Review of Industrial Organization 16: 319–321, 2000.
Paths of Innovation: Technological Change in 20th Century America.DavidMow-
ery and Nathan Rosenberg. Cambridge: Cambridge University Press, 1998, 214
pages (including index), $27.95.
Paths of Innovation: Technological Change in 20th Century America,byDavid
Mowery and Nathan Rosenberg, is a slender volume that is generally well-
constructed and well-reasoned. For those not yet exposed to the rich arena of
research on innovation and growth, this book might be a suitable and productive
Mowery and Rosenberg begin by noting that the inventive process in the United
States has become powerfully institutionalized. The forces that constitute the in-
stitution, and the context in which these forces emerged, are a central focus of
this volume. According to the authors, the institutionalization of innovation has
contributed mightily to economic growth in the United States in the 20th century.
The authors pose a thoughtful twist on the standard perspective of the process
of innovation and growth. In the typical description, we start with a scientiﬁc
breakthrough that is followed by a period of intense innovation during which time
improvements are made on the initial invention. In essence, we have a process
whereby new technologies lead to new products and subsequent high rates of
growth. The authors augment this view by observing that the adoption of new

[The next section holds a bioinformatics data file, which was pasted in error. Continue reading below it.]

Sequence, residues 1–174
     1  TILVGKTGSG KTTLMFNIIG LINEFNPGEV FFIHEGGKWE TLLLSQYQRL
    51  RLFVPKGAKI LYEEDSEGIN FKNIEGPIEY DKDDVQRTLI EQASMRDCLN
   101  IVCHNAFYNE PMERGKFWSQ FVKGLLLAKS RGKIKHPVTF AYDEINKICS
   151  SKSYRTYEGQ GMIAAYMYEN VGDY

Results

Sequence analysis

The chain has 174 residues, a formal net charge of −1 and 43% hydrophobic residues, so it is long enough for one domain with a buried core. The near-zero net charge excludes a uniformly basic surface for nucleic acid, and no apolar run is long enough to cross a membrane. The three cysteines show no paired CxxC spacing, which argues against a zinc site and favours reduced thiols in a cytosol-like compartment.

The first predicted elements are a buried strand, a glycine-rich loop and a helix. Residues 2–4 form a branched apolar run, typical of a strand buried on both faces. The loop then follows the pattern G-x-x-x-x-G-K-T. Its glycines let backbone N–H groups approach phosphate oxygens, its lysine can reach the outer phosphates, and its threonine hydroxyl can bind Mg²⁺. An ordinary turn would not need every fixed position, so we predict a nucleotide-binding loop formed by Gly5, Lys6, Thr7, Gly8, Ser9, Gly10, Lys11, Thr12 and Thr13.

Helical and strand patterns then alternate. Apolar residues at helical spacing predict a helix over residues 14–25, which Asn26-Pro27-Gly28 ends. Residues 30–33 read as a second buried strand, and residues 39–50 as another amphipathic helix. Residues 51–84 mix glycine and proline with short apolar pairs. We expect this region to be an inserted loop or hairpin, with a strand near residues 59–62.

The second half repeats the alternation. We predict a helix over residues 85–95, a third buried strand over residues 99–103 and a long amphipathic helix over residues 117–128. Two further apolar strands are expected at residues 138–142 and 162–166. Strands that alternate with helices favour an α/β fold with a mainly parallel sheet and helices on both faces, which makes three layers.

technologies by mature industries, what they refer to as intersectoral ﬂows of
technology (or spillover effects), provide signiﬁcant sources of growth as well.
In support of this proposition, three discrete clusters of innovation are explored:
internal combustion engines, chemicals, and electricity/electronics. In each of these
cases, the authors detail how innovation and growth in the industry stimulated in-
novation and growth in a variety of other, oftentimes unrelated, industries. Each of
the three clusters of innovation share several common characteristics. First, they are
each highly research intensive. Second, each beneﬁted from the institutionalization
of the process of research and development. Finally, they are heavily inﬂuenced by
geography and resource endowment.
According to Mowery and Rosenberg, the institutionalization of the process of
research and development has three primary contributing sources: private industry,
government, and academia. In the case of private industry, the authors note that